Advice for newbie

I am looking into getting a kayak. I have rented a few in the past but have never owned one. I was wondering if I could get some advice on what i should look for. First, like most newbies, I am on a budget so I would be interested in something under $600, with a target range of under $500…also I am not in a hurry to buy so I can wait for sales. Now the major issues is, i want something that can take on a river and a lake, I live close to many rivers here in Missouri, but i also live close to some lakes. Also, I would like to do some fishing, but I don’t own a lot of gear nor am I a great fisherman, so I don’t need something designed just for fishing. I guess what I am wondering is how long of a kayak should I look at? Some of the rivers around here can be shallow and narrow. I think at this point i am pretty sold on a sit on top style. Any advice would be welcomed, this is a whole new world that I don’t know much about. Thanks!

My novice advise would be to read and reread everything on here there is. And tailor things to what is workable for you.
Everything I had read here before we started looking led us to look within the following parameters
1–lighter weight
2- dual bulkheads
3-- transportable inside the van—meant max of 12ft.

They are right, that you should try CL to buy and that if you get really involved you would be better served with a longer boat.
Your milage may vary however on what is possible for you.

Your budget is too low for a half-decent boat plus equipment to make your paddling safe and enjoyable.

Read this thread for starters. It has most of the info a Newbie needs.

I disagree with Sparky. For $600 you will have to be patient, troll Craigslist regularly, and act fast when a good deal comes up, but you can put together a nice package for $600. Midtempo just picked up a nice 14’ fiberglass boat for $200 on Craigs. You could easily find a decent paddle, PFD, and a couple accessories for the remaining $3-400. ($200 for a decent kayak is a steal, so he was just in the right place at the right time. You may have to wait longer or work harder, but smokin deals like that happen more than you think).

If it were me, I would:

  1. Look for a used boat on Craigs. I’d shoot for a kayak on the shorter side, like 12-15’ long and 23-27" wide. Plastic or fiberglass doesnt matter. If you go shorter, it will be slow and wide, but if that is acceptable to you you can go shorter. The sit-on-top route is a good one to start with. They are inherently more safe and easier to recover from a capsize.
  2. Look for a used paddle or buy a chinese one from aliExpress for dimes on the dollar vs name brands. I have 2 and am very pleased with them. a small to medium blade is fine. Dont be tempted by large blades. use the paddle calculator at to get an idea of what to look for.
  3. Buy a very comfortable PFD, possibly new, but used if you can find the model you’re looking for. Wear it all the time.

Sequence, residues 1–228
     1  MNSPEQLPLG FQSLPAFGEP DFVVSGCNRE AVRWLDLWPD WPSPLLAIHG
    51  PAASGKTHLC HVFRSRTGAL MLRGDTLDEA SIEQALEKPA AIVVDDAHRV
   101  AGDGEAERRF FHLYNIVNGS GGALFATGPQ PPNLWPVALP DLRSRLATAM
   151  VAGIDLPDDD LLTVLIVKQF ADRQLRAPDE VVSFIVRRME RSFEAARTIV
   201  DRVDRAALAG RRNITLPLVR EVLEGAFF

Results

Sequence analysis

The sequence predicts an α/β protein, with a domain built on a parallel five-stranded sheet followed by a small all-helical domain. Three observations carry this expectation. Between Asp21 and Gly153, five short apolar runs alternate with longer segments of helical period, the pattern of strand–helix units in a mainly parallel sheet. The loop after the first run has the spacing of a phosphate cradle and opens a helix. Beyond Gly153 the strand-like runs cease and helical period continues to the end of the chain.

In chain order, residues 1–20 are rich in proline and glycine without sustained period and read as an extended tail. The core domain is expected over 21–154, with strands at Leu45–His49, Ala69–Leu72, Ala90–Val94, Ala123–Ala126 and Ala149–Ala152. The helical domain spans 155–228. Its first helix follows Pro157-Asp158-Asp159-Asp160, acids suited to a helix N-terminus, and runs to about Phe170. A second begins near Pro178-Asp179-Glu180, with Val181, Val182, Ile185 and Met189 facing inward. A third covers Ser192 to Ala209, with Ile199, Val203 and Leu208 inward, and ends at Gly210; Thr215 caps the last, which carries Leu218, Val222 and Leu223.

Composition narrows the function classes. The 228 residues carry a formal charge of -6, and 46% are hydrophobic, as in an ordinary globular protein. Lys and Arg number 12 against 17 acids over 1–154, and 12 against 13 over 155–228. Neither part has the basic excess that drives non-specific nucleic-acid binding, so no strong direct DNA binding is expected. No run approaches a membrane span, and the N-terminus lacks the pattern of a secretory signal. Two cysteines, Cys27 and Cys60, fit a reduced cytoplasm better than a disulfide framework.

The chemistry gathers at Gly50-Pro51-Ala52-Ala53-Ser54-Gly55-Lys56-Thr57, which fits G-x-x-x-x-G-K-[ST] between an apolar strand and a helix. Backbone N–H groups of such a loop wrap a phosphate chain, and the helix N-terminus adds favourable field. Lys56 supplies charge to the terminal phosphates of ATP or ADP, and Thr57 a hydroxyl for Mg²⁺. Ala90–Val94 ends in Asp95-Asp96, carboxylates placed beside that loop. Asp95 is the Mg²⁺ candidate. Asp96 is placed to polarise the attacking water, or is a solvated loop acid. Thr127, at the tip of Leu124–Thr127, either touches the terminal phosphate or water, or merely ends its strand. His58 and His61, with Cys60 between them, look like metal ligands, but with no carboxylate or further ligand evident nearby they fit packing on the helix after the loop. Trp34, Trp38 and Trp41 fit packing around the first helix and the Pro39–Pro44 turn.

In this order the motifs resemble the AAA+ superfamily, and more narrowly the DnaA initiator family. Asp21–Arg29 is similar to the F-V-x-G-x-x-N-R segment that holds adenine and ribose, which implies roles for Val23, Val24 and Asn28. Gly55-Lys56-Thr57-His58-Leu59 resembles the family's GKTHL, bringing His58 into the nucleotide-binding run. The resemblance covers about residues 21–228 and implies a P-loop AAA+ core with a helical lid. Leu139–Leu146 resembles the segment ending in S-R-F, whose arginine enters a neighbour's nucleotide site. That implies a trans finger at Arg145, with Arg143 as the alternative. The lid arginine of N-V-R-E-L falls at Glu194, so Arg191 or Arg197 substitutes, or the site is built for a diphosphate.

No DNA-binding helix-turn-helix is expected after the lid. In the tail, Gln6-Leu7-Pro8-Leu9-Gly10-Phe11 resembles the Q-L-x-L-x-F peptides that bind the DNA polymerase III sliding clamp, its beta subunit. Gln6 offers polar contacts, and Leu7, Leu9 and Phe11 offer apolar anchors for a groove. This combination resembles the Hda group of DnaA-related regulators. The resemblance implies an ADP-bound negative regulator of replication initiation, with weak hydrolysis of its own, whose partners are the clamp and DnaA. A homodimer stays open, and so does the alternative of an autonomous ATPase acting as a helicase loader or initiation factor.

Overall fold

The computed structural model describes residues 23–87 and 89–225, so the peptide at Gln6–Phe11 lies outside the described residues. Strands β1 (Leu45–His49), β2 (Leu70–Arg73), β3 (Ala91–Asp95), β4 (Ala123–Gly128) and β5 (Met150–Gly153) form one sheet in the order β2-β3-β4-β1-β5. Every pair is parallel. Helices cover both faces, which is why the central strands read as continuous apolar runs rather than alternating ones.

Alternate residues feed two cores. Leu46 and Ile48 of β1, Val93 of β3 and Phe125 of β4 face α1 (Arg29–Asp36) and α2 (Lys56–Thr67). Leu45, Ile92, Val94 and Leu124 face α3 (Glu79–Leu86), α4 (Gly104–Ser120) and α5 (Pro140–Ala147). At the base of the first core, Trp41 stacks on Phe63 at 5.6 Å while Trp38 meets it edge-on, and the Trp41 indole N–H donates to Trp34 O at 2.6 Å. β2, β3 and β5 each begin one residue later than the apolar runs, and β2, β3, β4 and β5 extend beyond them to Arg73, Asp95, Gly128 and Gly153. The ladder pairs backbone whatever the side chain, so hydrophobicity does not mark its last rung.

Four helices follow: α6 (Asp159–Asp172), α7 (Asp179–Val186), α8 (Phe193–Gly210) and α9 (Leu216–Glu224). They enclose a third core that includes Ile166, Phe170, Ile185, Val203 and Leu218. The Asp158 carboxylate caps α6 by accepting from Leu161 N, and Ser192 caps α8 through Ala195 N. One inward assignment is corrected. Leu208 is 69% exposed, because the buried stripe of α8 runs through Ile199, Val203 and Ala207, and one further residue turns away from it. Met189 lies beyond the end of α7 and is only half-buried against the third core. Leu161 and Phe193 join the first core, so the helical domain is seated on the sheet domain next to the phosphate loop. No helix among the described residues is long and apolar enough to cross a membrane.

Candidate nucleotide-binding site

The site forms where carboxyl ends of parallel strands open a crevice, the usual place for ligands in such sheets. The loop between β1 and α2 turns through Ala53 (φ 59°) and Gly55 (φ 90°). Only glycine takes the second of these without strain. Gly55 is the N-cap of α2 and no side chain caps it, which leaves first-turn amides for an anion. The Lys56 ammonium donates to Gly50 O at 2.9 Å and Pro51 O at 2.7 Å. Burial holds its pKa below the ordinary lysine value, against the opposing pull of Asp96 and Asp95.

4. Find a group that mentors newbies and paddle with them. Ask them to teach you everything and correct what you’re doing wrong, that is, if you want to learn the right way to do things. Or just watch lots of youtube kayaking videos from reputable authors.

And read read read on the forums here. All the knowledge you need is here if you search for it!

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At that price range look for an SOT on craigslist. Most of the Ocean Kayak brand kayaks you will find for sell will work fine for paddling on lakes and rivers with mostly fishing in mind. Be skeptical of cheap boats in big box stores. You can probably pick up paddles and PFDs in a package deal buying a kayak used. You might also consider buying a canoe, if you mostly want to fish they make better fishing platforms.

Be careful, some not so good info above. Dual bulkhead on a SOT?? 15’
Sot, yes if you want a boat that weighs 70 pounds! 23" wide sot? ?? Lots of good kayaks about 12 ft long that have 350 weight capacity

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You may want to read an article in California Kayaker Magazine on types of boats to help point you in a direction. Can be read for free online at Issue #10. Some of the suggestions above are pointing towards a touring style kayak, where others a sit on top. This article can hopefully help you decide which way you would want to go based on what you expect to do with it.

When you say rivers, what matters is if the water is moving and creating classified white water. If class II or above, you really need a specialized boat for it, and that boat would not work in any reasonable manner in flat water. If there is no white water, then your rivers are basically the same as flat water paddling.

Lee, I started out a few years ago with no knowledge and managed to buy a good used kayak for $350 on Craigslist with a decent paddle. I got a great kayaking PFD also on Craigslist for $40, so under $400 total.

Since then I’ve learned more about what fits me and have traded that kayak for another that suits me much better. I also found one for my husband for the around same price, so it can be done with a bit of patience!

Where do you live? If you’re in a good area you might even find a really nice boat for your price range. Don’t be discouraged.